What good are 30 different, broad perspective news sources, if the average lazy user never clicks past the first one or two sources? The user is always only going to see that FOX (for example) source, anyway.

Would personalization, then, require some sort of algorithmic diversity quotient, where every other day a different news source gets moved to the top of the list, or to the front page?

Greg Linden said...

Would personalization, then, require some sort of algorithmic diversity quotient, where every other day a different news source gets moved to the top of the list, or to the front page?

I think it does, absolutely. Diversity is important, not only for improving the usefulness of the recommendations, but also as a mechanism for exploring and gathering more data about user preferences.

Anonymous said...

The promise of personalization remains ellusive becuase it is a poorly defined concept. What does personailization really mean? Throwing Amazon around as an example is not helpful. The vast majority of the alleged personalozation Amazon offers is "junk" and not useful to readers. I will offer that using simple tools that are driven by "like" create too much noise for readers.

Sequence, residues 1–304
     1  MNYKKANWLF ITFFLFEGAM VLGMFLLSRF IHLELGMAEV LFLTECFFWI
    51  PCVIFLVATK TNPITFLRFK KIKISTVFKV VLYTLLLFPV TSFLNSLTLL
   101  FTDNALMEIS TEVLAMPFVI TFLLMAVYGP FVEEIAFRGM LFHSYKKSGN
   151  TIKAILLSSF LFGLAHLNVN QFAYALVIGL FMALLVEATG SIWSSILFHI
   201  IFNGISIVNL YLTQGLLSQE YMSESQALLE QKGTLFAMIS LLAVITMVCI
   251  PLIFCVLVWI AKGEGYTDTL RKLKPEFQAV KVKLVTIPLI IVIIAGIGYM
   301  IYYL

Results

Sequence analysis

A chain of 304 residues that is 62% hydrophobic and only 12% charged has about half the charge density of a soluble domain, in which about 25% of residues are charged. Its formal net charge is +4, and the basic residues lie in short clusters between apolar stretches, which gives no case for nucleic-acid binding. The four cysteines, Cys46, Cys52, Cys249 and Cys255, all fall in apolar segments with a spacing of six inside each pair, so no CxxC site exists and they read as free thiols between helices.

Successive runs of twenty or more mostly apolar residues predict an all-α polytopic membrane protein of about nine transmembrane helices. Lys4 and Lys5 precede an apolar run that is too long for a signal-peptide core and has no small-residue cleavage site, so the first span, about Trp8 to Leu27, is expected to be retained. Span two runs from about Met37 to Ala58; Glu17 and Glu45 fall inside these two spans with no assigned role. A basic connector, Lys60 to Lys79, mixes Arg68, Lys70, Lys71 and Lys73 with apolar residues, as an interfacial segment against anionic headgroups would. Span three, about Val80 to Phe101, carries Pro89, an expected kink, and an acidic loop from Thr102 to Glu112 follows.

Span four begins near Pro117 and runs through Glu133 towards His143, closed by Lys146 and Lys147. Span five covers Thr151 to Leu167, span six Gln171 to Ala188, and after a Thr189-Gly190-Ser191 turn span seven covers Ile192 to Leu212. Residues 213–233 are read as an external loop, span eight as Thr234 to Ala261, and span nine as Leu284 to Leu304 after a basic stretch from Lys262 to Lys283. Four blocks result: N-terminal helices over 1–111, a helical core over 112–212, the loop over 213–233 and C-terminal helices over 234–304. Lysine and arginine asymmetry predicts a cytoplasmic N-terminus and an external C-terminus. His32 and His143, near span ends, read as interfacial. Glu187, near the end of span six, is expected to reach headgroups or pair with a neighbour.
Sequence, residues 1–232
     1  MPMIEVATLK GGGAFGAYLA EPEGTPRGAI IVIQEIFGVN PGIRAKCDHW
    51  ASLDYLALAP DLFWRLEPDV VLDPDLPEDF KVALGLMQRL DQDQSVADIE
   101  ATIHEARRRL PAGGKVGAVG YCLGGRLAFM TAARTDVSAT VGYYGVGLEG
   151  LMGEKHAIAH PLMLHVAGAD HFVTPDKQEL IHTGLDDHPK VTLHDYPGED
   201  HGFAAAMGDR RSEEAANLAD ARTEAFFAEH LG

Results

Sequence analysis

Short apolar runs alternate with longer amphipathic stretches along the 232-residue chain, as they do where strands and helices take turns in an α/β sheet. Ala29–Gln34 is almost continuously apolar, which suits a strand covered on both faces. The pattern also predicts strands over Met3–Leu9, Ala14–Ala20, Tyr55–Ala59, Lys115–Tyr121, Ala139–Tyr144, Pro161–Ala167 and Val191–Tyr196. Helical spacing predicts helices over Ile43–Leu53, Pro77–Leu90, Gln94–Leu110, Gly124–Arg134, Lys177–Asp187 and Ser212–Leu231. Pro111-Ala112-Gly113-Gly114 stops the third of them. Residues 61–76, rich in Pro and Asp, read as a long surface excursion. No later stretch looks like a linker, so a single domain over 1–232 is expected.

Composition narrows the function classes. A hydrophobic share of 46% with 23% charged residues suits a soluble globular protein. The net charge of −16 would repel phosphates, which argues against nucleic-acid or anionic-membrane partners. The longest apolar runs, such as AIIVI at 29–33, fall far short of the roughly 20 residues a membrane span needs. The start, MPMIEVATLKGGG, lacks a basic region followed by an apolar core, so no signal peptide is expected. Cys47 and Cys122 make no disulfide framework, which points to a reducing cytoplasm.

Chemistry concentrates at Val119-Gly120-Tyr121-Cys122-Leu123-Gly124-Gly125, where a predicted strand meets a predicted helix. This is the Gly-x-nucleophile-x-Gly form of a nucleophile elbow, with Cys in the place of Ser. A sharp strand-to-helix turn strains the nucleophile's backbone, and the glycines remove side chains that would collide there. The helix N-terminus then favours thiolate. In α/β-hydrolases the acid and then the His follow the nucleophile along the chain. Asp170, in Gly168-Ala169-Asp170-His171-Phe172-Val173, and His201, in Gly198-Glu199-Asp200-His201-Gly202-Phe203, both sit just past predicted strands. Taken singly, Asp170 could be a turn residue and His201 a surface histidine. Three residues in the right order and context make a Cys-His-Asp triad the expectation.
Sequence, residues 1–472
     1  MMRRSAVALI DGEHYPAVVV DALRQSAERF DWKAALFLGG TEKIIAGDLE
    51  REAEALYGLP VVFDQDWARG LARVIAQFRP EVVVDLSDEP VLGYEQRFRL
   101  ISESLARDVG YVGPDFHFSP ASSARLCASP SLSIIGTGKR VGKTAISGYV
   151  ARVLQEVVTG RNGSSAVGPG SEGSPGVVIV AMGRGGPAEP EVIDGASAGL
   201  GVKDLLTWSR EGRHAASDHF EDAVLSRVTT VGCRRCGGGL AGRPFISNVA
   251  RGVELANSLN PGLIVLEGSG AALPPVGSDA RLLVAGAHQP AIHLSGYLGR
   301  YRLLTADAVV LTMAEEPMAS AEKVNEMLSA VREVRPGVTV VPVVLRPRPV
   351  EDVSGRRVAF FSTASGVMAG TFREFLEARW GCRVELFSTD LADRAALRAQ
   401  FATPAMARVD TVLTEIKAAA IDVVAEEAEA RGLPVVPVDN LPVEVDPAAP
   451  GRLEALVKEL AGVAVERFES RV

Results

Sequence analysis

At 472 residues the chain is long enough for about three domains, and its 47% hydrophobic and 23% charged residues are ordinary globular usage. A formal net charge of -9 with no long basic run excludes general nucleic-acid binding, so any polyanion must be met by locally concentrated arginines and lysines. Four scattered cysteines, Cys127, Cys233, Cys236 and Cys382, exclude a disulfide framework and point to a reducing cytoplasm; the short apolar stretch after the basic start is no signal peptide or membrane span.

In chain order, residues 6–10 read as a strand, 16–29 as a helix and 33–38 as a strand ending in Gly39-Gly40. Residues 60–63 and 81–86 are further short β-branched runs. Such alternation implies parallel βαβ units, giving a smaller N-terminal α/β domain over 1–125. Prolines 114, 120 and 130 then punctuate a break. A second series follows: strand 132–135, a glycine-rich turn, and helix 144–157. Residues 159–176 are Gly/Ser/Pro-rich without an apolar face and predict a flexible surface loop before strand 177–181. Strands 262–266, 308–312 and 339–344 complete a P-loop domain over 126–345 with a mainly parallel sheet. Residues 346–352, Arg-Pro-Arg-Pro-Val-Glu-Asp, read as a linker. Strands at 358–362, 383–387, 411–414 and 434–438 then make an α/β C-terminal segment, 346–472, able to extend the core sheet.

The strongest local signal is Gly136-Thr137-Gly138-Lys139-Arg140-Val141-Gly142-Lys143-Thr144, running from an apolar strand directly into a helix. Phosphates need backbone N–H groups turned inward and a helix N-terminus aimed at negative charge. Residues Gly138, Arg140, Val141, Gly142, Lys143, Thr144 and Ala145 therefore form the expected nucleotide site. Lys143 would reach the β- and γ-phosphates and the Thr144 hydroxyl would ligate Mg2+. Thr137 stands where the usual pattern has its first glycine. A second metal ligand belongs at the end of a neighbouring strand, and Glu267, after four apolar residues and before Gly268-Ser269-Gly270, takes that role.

I think the concern offered by journalists that we run the risk of becoming more narrow as the result of targeted content is erroneous. Journalists have pushed their narrow agendas upon us for a long time. Consumers reacted by looking for more media sources. The internet is mereley the logical extention of people seeking many sources of information that refelct the many social networks that they interact with on a daily basis. One could argue that journalists where a transitional form that intermediated in envirnoments where transaction costs were high.

I would suggest that you can connect this thread with the searchthread to see that it is andtends always to be a small group that actively search out information.

Maria Grineva said...

Greg, have you seen TwitterTim,es - personalized newspaper generated from what your friends posted on Twitter?